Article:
No contempt charges recommended in Sen. Ted Stevens prosecution
An independent investigation has found that the corruption prosecution of former U.S. Sen. Ted Stevens (R-Alaska) was "permeated by the systematic concealment" of significant evidence that would have helped Stevens' defense, the federal judge in the case revealed Monday.
Attorney and former prosecutor Henry F. Schuelke III, who conducted the probe, did not find technical grounds to file criminal contempt charges against the Justice Department attorneys who handled the case. But his report was significantly silent on whether the government lawyers should be prosecuted for obstruction of justice.
That could be determined by a separate internal investigation by the Justice Department that is also, more than three years after Stevens' trial, nearing its conclusion.
Judge Emmet G. Sullivan, who ordered the special prosecutor's investigation when the case imploded in 2009, released a brief description of Schuelke's 500-page report Monday but said the full document would not be made public until the Justice Department had reviewed it.
He made it clear that his concerns about the federal government's handling of the case are substantial. Sullivan said "prosecutorial misconduct ... permeated the proceedings before this court to a degree and extent that this court had not seen in 25 years on the bench."
The judge said Schuelke and his co-investigator, William B. Shields, "found evidence of concealment and serious misconduct that was previously unknown and almost certainly would never have been revealed -- at least to the court and to the public -- but for their exhaustive investigation."
Stevens, who was the longest-serving Republican in the Senate, was found guilty in October 2008 -- on the eve of his bid for reelection -- of making false statements in connection with his relationship with Bill Allen, then-president of Veco Corp., an influential oil services company.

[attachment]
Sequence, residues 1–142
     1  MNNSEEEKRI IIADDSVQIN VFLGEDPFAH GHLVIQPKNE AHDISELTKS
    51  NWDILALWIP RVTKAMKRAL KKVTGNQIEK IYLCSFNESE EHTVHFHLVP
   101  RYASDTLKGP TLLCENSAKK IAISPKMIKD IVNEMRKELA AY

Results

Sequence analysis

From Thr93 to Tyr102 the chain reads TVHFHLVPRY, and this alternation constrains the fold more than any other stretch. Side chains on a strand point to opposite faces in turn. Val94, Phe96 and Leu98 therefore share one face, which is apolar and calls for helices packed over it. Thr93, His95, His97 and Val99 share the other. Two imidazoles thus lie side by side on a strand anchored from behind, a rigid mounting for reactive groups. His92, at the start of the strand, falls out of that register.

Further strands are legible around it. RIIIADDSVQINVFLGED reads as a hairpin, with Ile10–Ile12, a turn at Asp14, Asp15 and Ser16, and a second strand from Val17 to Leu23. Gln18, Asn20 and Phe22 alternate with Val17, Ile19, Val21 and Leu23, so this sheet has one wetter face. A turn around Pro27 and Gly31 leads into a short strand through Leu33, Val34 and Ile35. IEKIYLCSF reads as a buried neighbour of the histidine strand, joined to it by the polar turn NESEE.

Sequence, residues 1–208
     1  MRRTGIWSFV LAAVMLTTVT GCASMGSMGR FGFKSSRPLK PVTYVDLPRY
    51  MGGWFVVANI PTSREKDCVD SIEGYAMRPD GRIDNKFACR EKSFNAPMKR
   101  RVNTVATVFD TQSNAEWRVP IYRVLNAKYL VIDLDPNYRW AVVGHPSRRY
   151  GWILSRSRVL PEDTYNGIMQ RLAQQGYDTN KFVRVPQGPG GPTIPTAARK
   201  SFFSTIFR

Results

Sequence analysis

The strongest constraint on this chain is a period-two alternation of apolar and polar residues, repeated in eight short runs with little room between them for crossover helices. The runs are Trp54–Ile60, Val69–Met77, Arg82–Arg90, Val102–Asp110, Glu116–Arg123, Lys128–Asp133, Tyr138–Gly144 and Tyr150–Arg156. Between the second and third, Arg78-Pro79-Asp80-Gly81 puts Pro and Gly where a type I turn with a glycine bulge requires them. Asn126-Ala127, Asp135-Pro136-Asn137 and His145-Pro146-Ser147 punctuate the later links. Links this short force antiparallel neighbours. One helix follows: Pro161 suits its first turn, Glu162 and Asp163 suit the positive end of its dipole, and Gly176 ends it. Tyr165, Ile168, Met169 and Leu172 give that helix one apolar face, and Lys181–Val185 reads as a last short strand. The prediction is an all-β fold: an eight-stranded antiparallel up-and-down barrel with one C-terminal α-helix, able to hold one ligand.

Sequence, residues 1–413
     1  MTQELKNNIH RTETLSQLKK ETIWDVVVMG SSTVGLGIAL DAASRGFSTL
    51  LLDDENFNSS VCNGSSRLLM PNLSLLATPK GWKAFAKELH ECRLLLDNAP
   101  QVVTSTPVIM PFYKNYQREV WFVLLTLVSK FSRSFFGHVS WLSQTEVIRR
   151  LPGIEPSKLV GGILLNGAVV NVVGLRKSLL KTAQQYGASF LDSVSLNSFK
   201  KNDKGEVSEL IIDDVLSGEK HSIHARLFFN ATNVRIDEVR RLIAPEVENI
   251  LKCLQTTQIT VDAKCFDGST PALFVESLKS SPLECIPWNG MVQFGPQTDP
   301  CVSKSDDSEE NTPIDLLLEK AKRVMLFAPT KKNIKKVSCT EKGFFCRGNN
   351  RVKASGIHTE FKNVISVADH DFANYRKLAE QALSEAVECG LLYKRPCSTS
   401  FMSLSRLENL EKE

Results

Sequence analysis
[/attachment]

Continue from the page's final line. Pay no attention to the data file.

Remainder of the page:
Stevens, who lost the election, died in a plane crash last year.
Only very late in the game did Stevens' defense lawyers learn that a broad array of information casting doubt on Allen's reliability as a witness and other important aspects of the trial was never turned over to the defense, as is required by law.
The Justice Department took the extraordinary step of dismissing the indictment, but defense lawyers for other Alaskan politicians targeted in the corruption probe soon found similar discovery violations, throwing the entire federal investigation, known as Operation Polar Pen, into disarray.
Schuelke's investigation and the still-uncompleted internal Justice Department probe have dragged on far longer than anyone expected, a delay that has left unanswered crucial questions about whether federal attorneys knowingly withheld exculpatory evidence and, if so, whether senior Justice Department officials ordered junior attorneys to keep quiet about their concerns.
Nicholas Marsh, the young prosecutor from the department's public integrity section who put together some of the cases that targeted Alaskan politicians, committed suicide in September 2010. He had been transferred out of his job and, friends have told the Times, had been waiting endlessly for a verdict on his conduct amid fears he would be targeted by superiors as a scapegoat.